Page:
Like most tangential designs, the deck's arm is short and stubby. The sensing hole in the mat is used to help detect the size of the record

In practice these tonearm motors were the same as those used to drive the capstans of Sony's top cassette decks (such as the TC-K81). Two were employed and linked by a clever epicyclic gear drive that allowed either one of them to drive the tonearm without anything having to be disengaged. One motor was used for fast actions, such as cueing and returning the arm at the end of a record, while the other moved it during playback.

One intriguing feature of the PS-X800 was that the tracking motor ran at a continuous minimum speed while the record played, rather than in the small jumps normally observed with linear-tracking decks. The speed was calculated as the arm progressed and Sony claimed that this more closely mirrored the movement of the cutter head when the record was being made.

Other aspects of the PS-X800 followed the traditional Sony practice of the era. The plinth was made from SBMC (Sony Bulk Moulding Compound) resin to which all the parts were rigidly mounted. Adjustable feet with elastomeric inserts were the only form of isolation offered, other than the near 12kg weight of the machine as a whole. The BSL spindle motor was quartz-locked and ran at two speeds, neither of which could be varied by the user. Finally, a Sony 'Magnadisc' servo pick-up measured the platter's speed. This had a strip of iron-loaded paint around the inside of its edge, which was printed in the factory with a magnetic pattern, much like a recording on a piece of tape. This was then read by a pick-up head in close proximity, clearance being maintained to eliminate the possibility of wear.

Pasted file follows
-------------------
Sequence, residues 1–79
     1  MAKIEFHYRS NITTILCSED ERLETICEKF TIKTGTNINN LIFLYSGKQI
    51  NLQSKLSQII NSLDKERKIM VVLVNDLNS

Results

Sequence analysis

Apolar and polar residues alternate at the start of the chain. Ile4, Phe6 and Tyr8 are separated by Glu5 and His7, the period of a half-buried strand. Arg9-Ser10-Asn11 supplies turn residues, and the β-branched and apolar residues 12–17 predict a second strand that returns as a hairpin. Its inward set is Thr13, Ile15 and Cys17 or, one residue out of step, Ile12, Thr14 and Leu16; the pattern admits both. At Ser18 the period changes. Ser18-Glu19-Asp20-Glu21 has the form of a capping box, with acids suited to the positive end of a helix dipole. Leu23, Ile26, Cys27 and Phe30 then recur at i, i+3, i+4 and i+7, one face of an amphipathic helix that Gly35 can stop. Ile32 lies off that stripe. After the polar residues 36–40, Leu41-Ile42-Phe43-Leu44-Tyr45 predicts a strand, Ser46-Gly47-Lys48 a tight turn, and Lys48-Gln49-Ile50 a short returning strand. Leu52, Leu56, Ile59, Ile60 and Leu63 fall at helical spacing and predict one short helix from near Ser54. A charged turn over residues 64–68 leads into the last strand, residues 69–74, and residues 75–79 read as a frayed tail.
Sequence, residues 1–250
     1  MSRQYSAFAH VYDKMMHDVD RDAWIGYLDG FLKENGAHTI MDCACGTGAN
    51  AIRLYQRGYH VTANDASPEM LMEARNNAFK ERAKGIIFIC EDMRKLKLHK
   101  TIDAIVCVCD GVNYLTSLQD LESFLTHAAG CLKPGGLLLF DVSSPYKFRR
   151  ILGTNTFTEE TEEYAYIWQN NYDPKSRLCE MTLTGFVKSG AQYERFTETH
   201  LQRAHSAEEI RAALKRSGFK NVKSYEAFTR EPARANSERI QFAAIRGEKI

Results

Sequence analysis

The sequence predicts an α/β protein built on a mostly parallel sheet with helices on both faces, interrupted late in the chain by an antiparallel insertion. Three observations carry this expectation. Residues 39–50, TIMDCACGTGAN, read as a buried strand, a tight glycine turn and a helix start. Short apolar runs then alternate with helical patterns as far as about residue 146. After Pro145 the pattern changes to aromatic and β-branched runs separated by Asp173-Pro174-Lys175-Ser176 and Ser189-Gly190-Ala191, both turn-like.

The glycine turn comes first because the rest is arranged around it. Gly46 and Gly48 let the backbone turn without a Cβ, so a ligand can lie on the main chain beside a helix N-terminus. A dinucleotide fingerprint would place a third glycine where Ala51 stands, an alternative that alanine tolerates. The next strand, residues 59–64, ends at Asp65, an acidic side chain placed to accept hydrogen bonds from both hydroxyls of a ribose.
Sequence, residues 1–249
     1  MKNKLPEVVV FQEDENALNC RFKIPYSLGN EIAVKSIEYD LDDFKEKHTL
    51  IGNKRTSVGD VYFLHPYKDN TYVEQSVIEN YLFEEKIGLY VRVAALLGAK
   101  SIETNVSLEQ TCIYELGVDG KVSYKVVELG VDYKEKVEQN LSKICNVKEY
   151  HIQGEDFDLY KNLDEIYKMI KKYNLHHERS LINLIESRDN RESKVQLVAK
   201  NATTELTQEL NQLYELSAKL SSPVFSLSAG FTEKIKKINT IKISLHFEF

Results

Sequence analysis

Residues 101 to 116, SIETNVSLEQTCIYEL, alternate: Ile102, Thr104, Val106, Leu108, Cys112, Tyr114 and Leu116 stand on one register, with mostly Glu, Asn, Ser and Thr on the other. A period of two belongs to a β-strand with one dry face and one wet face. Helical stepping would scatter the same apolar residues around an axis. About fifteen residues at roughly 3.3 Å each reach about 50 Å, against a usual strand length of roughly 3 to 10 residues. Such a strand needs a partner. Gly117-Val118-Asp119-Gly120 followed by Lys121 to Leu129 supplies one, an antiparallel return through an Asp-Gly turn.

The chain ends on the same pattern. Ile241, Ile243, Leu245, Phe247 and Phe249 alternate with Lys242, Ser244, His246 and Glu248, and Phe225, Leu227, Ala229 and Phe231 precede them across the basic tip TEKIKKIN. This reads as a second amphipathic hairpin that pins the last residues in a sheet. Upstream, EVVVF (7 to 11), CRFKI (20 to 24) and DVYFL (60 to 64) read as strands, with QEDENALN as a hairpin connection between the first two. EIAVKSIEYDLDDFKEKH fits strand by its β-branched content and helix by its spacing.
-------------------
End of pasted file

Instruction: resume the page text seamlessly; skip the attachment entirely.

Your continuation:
The mat measures 30cm across, which gives a sense of scale as to the size of the rest of the deck, which can hardly be called a miniature

Zip Drive
Despite being largely made from synthetic materials, the finish of the PS-X800 is immaculate. True, it doesn't quite have the solidity of a Technics SL-10, but the detailing is superb. As was the fashion at the time, the lid falls short of the front of the plinth leaving the controls exposed. This allows a record to be played in a largely dust-proof atmosphere, and with power cueing there is no need to open the cover until all the listening on that particular side of the disc is concluded.

Like all the PS-X800's functions the cuing works smoothly and silently. The arm moves slowly if just the direction keys are pressed but zips along more smartly if you push the 'fast' key as well. An odd omission, given the level of automation present in the machine, is that speed selection is fully manual, despite it being logic-controlled. A beam of light that shines from the rear of the arm housing and down through slots in the platter will recognise a 7in single, otherwise the turntable will play at 33rpm. To automate this function would surely have been trivial.